Sydney Casely-Hayford says he is more concerned with the quality of women representation in governance that the quantity amid the recent debate around gender parity in Ghana.
The OccupyGhana member argued this puts the women in a better position to effect change though activists maintain that a level playing field is more critical to ensuring gender parity.
[contextly_sidebar id=”COO6lZOZ2YOT5FpffULf5sBXgceglyqF”]When you are in that position and you can influence matters like that, you are far more important than anything else,” Mr. Casely-Hayford said on The Big Issue.
“The quality of appointments of women in our society is a far greater position than most. Our Chief Justice is a woman. Our Minister for Local Government is a Woman. The Attorney General is a woman. These are powerful positions.”
“It is about quantity all the time. It is about quality. The Quality of these women in these particular positions to effect in our society becomes the more critical thing we are dealing with.”
Mr. Casely-Hayford was speaking in relation to some of President Nana Akufo-Addo’s remarks at the 2019 Women Deliver Conference in Canada.
President Akufo-Addo faced criticism from Ghanaian feminists and gender advocates for suggesting that women were not fighting hard enough for gender parity.
Critics said the President ignored the role expected of the leaders in the male-dominated political space.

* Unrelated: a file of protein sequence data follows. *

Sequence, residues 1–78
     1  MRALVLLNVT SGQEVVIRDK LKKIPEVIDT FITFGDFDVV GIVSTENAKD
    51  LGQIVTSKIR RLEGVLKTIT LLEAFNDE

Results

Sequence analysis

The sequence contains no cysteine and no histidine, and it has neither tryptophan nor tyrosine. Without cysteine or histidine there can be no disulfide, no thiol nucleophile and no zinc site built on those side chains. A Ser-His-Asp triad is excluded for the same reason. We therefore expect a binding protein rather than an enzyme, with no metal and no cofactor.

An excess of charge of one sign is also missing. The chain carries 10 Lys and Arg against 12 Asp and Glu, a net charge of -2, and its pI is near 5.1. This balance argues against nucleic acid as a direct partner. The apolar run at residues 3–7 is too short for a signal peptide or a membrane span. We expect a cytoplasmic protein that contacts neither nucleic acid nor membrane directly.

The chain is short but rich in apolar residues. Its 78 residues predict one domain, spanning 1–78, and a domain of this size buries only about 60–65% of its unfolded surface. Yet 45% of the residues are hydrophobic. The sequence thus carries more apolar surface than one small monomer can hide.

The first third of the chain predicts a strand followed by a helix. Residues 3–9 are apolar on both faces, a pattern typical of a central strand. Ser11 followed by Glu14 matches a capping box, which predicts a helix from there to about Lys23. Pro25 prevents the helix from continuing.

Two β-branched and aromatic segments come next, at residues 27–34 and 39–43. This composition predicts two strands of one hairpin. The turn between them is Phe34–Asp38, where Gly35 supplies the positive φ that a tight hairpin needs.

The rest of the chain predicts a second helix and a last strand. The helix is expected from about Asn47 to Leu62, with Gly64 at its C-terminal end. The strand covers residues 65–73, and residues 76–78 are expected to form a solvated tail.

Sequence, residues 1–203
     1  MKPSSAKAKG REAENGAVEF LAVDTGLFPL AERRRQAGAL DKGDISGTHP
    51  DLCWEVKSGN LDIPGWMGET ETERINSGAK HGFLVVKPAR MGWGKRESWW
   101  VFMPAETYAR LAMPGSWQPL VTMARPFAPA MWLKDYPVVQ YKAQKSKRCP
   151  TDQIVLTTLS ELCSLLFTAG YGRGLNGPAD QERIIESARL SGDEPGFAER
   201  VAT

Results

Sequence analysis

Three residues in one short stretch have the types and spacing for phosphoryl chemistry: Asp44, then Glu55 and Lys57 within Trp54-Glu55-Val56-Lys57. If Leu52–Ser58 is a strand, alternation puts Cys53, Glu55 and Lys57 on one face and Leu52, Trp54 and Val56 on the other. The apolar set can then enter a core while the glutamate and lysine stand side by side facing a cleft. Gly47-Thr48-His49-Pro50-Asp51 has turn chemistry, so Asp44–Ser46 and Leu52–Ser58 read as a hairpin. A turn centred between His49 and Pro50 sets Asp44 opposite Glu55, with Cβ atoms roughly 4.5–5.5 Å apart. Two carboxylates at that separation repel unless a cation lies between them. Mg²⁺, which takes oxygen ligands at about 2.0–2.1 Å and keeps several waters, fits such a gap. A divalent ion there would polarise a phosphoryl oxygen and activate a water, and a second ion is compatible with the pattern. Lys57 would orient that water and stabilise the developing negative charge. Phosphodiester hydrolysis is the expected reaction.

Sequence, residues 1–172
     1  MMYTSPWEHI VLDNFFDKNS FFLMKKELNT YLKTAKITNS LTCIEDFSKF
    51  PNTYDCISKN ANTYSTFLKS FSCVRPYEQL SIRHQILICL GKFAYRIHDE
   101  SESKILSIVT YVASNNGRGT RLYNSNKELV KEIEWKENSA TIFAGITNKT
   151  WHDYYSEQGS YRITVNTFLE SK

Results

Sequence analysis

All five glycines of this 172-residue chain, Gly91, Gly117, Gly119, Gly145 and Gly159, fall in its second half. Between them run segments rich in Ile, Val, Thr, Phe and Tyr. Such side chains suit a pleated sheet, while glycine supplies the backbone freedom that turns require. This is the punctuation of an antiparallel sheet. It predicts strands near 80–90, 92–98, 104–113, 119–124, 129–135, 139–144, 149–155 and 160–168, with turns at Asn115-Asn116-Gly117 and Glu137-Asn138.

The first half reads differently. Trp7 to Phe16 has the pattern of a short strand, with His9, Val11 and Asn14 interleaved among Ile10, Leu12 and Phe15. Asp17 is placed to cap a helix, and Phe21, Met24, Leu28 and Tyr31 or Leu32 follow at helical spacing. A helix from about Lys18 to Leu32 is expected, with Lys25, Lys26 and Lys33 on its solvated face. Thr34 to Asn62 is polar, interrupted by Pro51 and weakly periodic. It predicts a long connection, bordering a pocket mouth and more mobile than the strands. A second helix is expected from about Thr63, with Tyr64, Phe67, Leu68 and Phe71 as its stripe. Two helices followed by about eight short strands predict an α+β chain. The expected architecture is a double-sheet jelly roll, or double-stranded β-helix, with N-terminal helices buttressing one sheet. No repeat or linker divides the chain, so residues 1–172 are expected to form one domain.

But the President received some support for his comments.
The Minister for Local Government and Rural Development, Hajia Alima Mahama, joined a few fellow women ministers to back the President’s views on gender parity in Ghana.
On The Big Issue, she said Mr. Casley-Hayford’s comments underscored the President’s argument.
“[For] putting women our there, there is no challenger. He has put them out there and continues to do the appointments,” Hajia Alima said.
“When we say amplification, it is not just people doing it for us we should also move forward. We can’t fold our hands and sit down and say that the decision-making people should change for them. No one will open doors for you. You open the doors yourself. You break the glass ceiling and go through.”
‘Question of power’
At the annual meetings of the Commission on the Status of Women began at the United Nations in February U.N. Secretary-General, Antonio Guterres stressed that “Gender equality is fundamentally a question of power.”
He reminded that male-dominated culture has historically marginalised and silenced women.
Whilst acknowledging the mobilisation of women worldwide for gender parity, he warned that there was active resistance to change.
“That pushback is deep, pervasive and relentless. So let us say it loud and clear: We will not give ground; we will not turn back; we will push back against the pushback and we will keep pushing.”
Files from VOA contributed to this report